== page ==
No synonyms are recorded for this name.
Echeveria moronii is native to central and South America, in particular from Mexico, where it grows on rocky outcrops at variable ranges of altitude.
Echeveria moranii is a tiny, beautiful succulent plant usually formed by only one or a few, not so branched stems, ending in rosettes. It is the perfect houseplant to decorate the desk in your bedroom or in your office: small, tough and very decorative, with its rosettes crowded of greyish-green leaves, elegantly edged in purple, it won’t take much space and it will survive even the most distracted owner.
The leaves are numerous and harmoniously arranged in the rosette, so that it ends up to look like a flower. They are gut-shaped, with a visible point (in botany, it’s called a “mucrone”). Their lower page have a slightly brownish tinge. Both sides are equipped with a soft, almost invisible, whitish hair.
The blooming season occurs in late Spring or Summer. In that moment, the plant produces an elongated stalk that tends to bend and grow horizontally, that bear bell-shaped flowers with their petals pink on the outside and yellow on the inside.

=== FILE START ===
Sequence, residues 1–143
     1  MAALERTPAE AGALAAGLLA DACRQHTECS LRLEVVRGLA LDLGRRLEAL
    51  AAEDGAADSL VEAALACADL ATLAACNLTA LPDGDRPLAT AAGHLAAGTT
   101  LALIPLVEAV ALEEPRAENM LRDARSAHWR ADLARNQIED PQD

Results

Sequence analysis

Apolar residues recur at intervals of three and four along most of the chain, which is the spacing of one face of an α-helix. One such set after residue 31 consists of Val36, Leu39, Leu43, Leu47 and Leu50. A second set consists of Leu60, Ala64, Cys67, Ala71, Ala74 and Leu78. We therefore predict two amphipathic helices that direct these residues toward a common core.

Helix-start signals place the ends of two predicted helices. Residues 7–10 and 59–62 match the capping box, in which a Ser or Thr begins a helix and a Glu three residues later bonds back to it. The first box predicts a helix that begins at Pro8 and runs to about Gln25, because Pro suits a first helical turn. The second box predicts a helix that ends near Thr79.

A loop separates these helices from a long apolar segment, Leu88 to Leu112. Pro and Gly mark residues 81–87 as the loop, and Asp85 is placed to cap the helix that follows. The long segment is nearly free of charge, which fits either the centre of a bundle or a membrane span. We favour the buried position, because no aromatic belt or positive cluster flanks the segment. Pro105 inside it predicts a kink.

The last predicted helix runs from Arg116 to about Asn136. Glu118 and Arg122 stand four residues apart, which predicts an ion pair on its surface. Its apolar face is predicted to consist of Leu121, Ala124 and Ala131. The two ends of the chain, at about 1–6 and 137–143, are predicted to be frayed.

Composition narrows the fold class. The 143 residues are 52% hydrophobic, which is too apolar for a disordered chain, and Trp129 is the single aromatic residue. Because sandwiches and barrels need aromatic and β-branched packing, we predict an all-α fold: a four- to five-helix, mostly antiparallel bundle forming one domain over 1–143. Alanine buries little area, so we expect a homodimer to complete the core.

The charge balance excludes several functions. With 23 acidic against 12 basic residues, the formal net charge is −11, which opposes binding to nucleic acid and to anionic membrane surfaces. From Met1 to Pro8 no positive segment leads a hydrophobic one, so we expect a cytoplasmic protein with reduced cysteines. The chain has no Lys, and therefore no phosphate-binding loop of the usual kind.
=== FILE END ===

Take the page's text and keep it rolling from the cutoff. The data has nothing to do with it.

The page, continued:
Echeeveria moranii is not so difficult to grow. Here below are our cultivation tips:
It requires plenty of light throughout the year, but avoid direct sunlight during the hottest hours of Summer days. On the other hand, a direct exposure to sunlight is the best choose if you wish your E. moranii to take on more intense and reddish tinges.
Never keep it below 10 °C. In Winter, put it indoors or shelter it.
Water moderately and regularly during the growth season, always waiting for the soil to dry up completely before each watering. Once a week in spring and summer is ok. In Autumn and Winter, instead, suspend completely any irrigation.
Choose a well-draining substrate to avoid the risk of root rotting.
E. moranii doesn’t require frequent fertilizations. It is sufficient to dilute the fertilizer with watering once a year.
It is good to repot your E. moranii every season, in early spring.
Propagation of the plant can be made either by seed or by cuttings. Given the extreme easy rooting of the cuttings and suckers (in this case, small rosettes / branches that sprout laterally), we suggest to use this method to reproduce your E. moranii. Unlike other succulents, with Echeverias, the cuttings can be left in full sun or at least in a very bright environment. The recommended temperature is around 20° C.
The name “Echeveria” comes from Atanasio Echeverria, naturalist, botanist and Mexican artist of the late 1700s who painted and cooperated on the discovery and cataloging Mexico’s natural flora.
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